There are a ton of examples of how mainstream media, particularly girl group imagery, imitates porn but, since we’re cutting out the middleman, let’s focus on how popular culture induces misogyny into its products in order to make them sexier. Sailor Moon is an underrated example of misogynistic depictions because, although the show has its share of feminist supporters citing examples of strong bonds between female characters, the autonomous decision-making of its female protagonist, and even its willingness to explore gender roles, the show’s underlying misogyny rests in the particular method in which it sexualizes the show’s cast of underage girls.

Aside from the skimpy fetishized uniforms that Sailor Moon and her team of Sailors transform into, there is a gendered power structure which the show very subtly exploits to further insatiate the sexual appetite of its male audience. On the surface, the Sailors are presented as powerful women with extraordinary powers which allow them to overcome obstacles and destroy their enemies. Despite their powerful demeanor, however, there are many incidences where they fall for some sort of trap laid out by the villain, get tied up, and require the rescue of the show’s male protagonist, Tuxedo Mask. In these moments where strong female characters are shown to be physically vulnerable and in need of a man’s rescue, there’s a shift in power which reaffirms the man’s dominance. Despite all the time the show spends displaying the strength of its female characters, they still must rely on a stronger male character to save them. Combined with the sexual imagery of underage girls in fetishized costumes, the shift in power from the powerful women to the more powerful man invites the male viewer to take further sexual pleasure in the show’s underlying message.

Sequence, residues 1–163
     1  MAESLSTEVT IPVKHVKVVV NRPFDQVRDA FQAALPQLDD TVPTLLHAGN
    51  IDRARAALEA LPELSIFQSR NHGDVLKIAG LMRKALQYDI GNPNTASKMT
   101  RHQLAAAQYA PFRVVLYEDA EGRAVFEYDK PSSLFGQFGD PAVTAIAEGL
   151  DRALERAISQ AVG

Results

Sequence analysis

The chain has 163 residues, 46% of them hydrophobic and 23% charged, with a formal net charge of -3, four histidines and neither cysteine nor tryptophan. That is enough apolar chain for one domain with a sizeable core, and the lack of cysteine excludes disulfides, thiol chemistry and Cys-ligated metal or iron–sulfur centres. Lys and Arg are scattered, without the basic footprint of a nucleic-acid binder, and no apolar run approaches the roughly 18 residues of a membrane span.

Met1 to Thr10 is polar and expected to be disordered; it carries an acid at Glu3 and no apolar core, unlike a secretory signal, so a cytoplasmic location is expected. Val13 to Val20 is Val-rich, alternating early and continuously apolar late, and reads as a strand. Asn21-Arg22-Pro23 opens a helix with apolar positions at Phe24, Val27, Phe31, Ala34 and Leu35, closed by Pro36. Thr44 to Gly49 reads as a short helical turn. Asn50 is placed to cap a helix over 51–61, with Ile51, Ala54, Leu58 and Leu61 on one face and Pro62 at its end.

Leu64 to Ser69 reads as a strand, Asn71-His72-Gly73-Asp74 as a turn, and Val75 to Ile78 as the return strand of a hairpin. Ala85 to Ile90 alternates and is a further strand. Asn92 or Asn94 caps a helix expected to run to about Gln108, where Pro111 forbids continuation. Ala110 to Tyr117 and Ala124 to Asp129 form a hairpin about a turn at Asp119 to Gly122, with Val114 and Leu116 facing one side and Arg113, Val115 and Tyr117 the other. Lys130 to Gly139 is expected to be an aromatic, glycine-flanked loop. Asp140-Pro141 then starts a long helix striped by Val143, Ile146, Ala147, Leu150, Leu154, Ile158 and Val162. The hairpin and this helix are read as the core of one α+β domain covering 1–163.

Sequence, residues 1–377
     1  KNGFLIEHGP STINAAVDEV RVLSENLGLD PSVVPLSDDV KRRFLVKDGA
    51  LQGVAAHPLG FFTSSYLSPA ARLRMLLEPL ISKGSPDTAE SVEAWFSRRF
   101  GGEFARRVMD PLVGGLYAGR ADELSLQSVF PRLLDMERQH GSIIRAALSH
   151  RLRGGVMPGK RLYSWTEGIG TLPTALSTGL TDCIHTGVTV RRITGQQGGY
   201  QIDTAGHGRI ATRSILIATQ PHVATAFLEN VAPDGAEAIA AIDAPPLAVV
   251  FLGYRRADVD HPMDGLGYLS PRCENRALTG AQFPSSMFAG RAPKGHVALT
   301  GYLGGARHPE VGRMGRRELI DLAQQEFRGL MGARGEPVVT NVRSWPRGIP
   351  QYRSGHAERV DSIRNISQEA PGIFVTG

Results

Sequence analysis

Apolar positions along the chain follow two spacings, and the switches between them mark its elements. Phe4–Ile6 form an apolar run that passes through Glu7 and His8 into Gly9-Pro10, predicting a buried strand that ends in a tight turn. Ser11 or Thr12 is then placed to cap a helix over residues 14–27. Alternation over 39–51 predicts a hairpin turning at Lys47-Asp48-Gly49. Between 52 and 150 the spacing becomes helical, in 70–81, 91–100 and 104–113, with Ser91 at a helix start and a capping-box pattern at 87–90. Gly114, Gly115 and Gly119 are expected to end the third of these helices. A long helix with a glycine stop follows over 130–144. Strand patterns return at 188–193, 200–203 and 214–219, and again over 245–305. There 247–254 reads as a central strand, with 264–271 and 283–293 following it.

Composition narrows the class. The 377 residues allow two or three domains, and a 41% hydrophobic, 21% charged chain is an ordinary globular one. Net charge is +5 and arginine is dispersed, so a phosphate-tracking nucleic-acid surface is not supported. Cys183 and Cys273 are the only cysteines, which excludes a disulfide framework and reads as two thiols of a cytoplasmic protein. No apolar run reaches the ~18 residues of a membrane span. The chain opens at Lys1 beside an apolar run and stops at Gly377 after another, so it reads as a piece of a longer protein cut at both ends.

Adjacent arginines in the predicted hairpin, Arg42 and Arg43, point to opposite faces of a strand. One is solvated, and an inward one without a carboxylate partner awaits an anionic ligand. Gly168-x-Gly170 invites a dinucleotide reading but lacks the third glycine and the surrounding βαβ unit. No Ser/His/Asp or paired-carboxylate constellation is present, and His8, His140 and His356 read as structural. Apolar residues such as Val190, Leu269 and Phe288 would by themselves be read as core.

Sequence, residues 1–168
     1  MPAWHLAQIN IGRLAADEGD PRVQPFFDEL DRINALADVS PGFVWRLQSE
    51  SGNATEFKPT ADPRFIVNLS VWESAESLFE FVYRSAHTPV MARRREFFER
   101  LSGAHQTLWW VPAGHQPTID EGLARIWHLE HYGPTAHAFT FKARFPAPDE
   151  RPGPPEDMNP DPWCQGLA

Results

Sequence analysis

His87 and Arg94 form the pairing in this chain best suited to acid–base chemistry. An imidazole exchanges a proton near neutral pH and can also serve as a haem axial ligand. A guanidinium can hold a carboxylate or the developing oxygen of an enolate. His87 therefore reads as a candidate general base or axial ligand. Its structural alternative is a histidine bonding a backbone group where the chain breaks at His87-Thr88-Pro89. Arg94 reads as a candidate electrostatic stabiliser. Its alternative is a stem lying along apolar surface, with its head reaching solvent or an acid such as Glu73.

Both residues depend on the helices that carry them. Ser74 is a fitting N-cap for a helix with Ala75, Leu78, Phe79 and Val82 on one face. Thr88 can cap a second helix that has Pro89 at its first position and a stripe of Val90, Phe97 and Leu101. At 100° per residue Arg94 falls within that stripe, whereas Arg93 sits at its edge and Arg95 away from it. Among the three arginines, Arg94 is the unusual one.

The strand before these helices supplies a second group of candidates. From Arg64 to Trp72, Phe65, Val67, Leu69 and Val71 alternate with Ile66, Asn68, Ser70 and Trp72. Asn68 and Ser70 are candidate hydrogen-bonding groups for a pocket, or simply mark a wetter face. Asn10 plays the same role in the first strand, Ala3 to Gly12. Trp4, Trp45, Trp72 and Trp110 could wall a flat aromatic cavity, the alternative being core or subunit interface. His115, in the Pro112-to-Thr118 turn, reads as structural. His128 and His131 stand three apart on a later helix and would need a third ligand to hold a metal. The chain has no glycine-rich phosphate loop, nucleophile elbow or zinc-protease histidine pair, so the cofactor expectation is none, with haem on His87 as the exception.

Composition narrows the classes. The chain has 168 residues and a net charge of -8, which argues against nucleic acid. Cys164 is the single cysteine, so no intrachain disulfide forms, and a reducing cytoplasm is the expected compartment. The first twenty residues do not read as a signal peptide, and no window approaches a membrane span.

It’s not too dissimilar from the Women in Refrigerators trope which uses the murder of a strong female character to motivate a male character into action, subtly implying that the strength of the female character is inferior when juxtaposed against the power of the male character, reaffirming the shift in power which once again favors that of the man.

In similar fashion, the idea that even an empowered woman can be conquered by the sexual desires of a man makes it so alluring, so provocative, and so misogynistic all at the same time. Not only is it sexy to depict a strong and confident woman as being physically and sexually subordinate to a powerful male figure, it’s even sexier to depict her as being physically and sexually resistant to the man’s advances before eventually succumbing to them. This is the ultimate shift in power that caters to the male viewer’s delicate ego and fuels his power-hungry libido. Under this context, sexual assault can even be viewed as sexy, as is conveyed by Mamamoo’s “Decalcomanie” beginning at the 3:14 mark.